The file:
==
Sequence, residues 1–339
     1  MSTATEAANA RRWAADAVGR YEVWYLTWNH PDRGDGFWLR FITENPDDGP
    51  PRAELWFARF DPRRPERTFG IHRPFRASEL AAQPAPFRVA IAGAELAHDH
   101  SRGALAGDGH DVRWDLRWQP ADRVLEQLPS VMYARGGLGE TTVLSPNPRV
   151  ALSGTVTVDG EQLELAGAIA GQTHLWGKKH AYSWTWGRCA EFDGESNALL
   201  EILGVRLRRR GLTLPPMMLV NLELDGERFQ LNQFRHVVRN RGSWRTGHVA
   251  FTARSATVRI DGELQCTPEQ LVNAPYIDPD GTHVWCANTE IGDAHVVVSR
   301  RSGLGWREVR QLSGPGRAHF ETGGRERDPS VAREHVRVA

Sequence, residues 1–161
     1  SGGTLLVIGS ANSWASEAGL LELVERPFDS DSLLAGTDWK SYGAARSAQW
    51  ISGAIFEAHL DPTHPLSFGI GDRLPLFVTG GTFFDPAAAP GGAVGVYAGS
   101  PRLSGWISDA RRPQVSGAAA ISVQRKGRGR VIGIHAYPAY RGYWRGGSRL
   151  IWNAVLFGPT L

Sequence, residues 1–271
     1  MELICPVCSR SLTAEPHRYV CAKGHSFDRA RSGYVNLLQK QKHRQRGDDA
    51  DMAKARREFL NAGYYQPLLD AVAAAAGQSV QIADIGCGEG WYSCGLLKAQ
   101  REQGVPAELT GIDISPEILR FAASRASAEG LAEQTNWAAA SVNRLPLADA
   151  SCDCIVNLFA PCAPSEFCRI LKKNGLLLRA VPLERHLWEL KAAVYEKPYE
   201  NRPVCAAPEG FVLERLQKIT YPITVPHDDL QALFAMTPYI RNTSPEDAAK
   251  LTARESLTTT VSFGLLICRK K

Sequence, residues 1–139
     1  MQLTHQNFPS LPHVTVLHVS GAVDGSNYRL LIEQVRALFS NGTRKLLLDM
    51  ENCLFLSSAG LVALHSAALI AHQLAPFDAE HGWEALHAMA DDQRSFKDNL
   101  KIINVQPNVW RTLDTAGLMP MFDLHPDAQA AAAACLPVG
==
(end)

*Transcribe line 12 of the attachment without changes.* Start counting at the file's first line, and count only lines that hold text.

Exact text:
   101  PRLSGWISDA RRPQVSGAAA ISVQRKGRGR VIGIHAYPAY RGYWRGGSRL